By Bo Eason
The more personal your story is, the more personal my story is, the more universal it becomes, the more affect you have over here. So you’re saying, “Who’s going to care about what I’ve done?” Everybody. All your moneymaking ability lies right there in a little golden pot in your story. All your leadership qualities lie in one little spot—your own personal story.
I was in London recently giving a speech to the top 100 financial advisors in Europe. Another guy was with me who runs this company called Oxford Analytica, which has 200 think tanks throughout the world. Our president gets briefings on his desk every morning from them because they look at where potential threats are coming from. The advisors are interested in what he has to say because they want to know about threats to the financial markets. So this guy from Oxford Analytica is watching me talk and he’s like the opposite of me. He’s got glasses and he’s smart. He’s putting up cool numbers and charts. The information he was giving was striking. After he got finished, he approached me and said, “Bo, can I talk to you?” I said, “Yeah.” He goes, “Do you know all that stuff you were talking about, people’s personal story being the most important thing for everybody going forward?” I said, “Yeah.” He said, “Do you know that you are right?” I said, “Cool, because I was kind of hoping I was right.”
For me, it’s just an instinct. It’s instinctual to me to share myself so that other people can share themselves. He goes, “No, no, you’re absolutely right and I’m going to send you the analytics behind what you’re saying.” I said, “Cool. Send them on.” So the information he sends me is this study of leadership from Julius Caesar during the Roman Empire to the 2012 U.S. presidential election. People like Lady Gaga and Madonna were included too so it wasn’t just political leaders.
They came up with 3 things, or qualities, that these leaders had to have and they all had it. Guess what No. 1 was? The No. 1 quality from Julius Caesar to today is the ability to tell your own story. Otherwise, people don’t know how to latch onto you. It’s just connective tissue that you’re putting out for your audience.
Whether your audience is one or 10,000, you have to lay out yourself so they know what to follow. If there’s one thing we’re lacking in this world, it’s leadership, correct? I was doing a training in San Diego and somebody goes, “Bo, who do you look up to as a leader?” I was totally caught off guard. I didn’t know. I love leadership. I follow it. I want to be a leader and I want to be led. And I couldn’t think of one? Times are changing. That is our job. That’s all this is—this is leadership based on your personal story because you can’t lead from anywhere else. You can’t lead through what you learn in a book. You’ve got to lead from the miles you’ve already walked, what your eyes have already seen, that’s all you’ve got. It is the most powerful thing that you’ve got. It is the key to the kingdom—your story. Get used to it. Surrender to the fact that your story is the most powerful and the most valuable thing you’ve got, bar none.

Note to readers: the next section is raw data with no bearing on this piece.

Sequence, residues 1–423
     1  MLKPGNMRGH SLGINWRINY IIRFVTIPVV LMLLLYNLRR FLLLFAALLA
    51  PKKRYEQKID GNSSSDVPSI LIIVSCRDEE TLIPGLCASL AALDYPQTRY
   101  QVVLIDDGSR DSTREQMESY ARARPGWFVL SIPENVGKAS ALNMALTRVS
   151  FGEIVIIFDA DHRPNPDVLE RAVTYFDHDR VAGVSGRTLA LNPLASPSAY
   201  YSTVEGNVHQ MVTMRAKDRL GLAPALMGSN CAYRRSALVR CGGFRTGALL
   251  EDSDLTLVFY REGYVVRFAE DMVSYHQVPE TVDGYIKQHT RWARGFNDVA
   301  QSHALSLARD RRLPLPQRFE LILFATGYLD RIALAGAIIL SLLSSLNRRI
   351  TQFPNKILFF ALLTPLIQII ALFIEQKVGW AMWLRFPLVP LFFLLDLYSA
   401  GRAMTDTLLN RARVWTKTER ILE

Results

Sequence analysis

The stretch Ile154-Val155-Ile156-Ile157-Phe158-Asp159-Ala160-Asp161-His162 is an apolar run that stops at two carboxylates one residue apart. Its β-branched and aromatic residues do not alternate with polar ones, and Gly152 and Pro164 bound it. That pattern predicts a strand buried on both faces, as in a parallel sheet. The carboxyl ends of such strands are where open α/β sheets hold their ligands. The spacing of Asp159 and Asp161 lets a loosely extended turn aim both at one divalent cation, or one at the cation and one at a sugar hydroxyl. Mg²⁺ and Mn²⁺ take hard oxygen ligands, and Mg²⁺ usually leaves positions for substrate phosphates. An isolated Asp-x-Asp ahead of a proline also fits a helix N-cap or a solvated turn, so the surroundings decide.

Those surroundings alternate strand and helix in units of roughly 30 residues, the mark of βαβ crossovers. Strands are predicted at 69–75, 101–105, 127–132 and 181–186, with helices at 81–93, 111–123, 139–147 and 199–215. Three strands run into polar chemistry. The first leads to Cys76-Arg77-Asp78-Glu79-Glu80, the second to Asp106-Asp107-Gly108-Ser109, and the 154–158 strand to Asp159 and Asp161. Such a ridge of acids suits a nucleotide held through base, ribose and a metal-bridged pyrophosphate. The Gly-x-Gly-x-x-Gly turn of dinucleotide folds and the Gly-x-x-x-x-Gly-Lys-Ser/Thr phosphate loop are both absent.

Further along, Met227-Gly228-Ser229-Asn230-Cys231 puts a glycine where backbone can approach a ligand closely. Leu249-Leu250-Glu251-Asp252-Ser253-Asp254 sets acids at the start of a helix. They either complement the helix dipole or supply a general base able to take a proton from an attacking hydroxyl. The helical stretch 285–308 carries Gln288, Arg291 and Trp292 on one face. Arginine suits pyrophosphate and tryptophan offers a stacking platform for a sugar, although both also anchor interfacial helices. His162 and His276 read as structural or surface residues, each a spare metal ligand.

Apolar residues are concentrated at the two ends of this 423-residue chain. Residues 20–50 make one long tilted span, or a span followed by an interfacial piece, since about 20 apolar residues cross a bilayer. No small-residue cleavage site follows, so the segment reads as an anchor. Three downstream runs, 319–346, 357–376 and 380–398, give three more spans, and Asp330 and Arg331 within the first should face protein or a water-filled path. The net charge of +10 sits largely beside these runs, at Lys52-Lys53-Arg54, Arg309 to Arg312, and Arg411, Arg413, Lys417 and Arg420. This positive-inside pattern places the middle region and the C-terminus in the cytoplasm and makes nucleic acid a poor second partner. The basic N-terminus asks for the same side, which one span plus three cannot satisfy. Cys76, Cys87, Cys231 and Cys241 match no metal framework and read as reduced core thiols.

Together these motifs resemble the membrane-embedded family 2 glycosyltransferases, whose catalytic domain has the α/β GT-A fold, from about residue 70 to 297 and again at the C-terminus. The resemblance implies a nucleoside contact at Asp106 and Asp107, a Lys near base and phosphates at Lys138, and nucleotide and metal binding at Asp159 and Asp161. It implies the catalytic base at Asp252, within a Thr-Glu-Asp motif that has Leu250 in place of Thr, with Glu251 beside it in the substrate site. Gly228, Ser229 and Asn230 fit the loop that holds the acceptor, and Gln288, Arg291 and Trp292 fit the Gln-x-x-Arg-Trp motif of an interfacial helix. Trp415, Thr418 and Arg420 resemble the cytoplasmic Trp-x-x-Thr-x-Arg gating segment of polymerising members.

No. 2: Physicality. You have to be physical in a world that has lost itself. We’ve spent two generations in an Information Age. We are fabby. We are fat. And we can’t communicate, especially with our bodies. When I’m speaking, you believe about 50 percent of what comes out of my mouth. That’s just what we do as humans. We pick and choose what to believe when people talk. But you believe this body 100 percent of the time because the body can’t lie. This is the most crucial thing that you have to do. To tell your personal story, you have to physicalize the sucker—ultra present, that’s who we are but we’ve gotten so far from our own nature that we’ve turned into these little communication beans trying not to take up too much space and using garbled voices.
Jean-Louis Rodrigue, my longtime movement coach, was fascinated by this tribe that lives among lions and tigers, yet no one ever gets eaten. He couldn’t get the tribe out of his mind. He wanted to see what they looked like, how they moved, what their physicality was like to understand why they don’t get eaten but others do. So he goes and lives with them and brings back pictures and videos to performers in Hollywood—actors, cellists, pianists, gymnasts—and shows them how the Nuba tribe moves. They move like I move—alive, awake, nothing gets by them. Dangerous. Al Pacino told me one thing: “I wish the stage were a tightrope so that only the brave would enter.” He’s right. There’s a lot of danger on stage.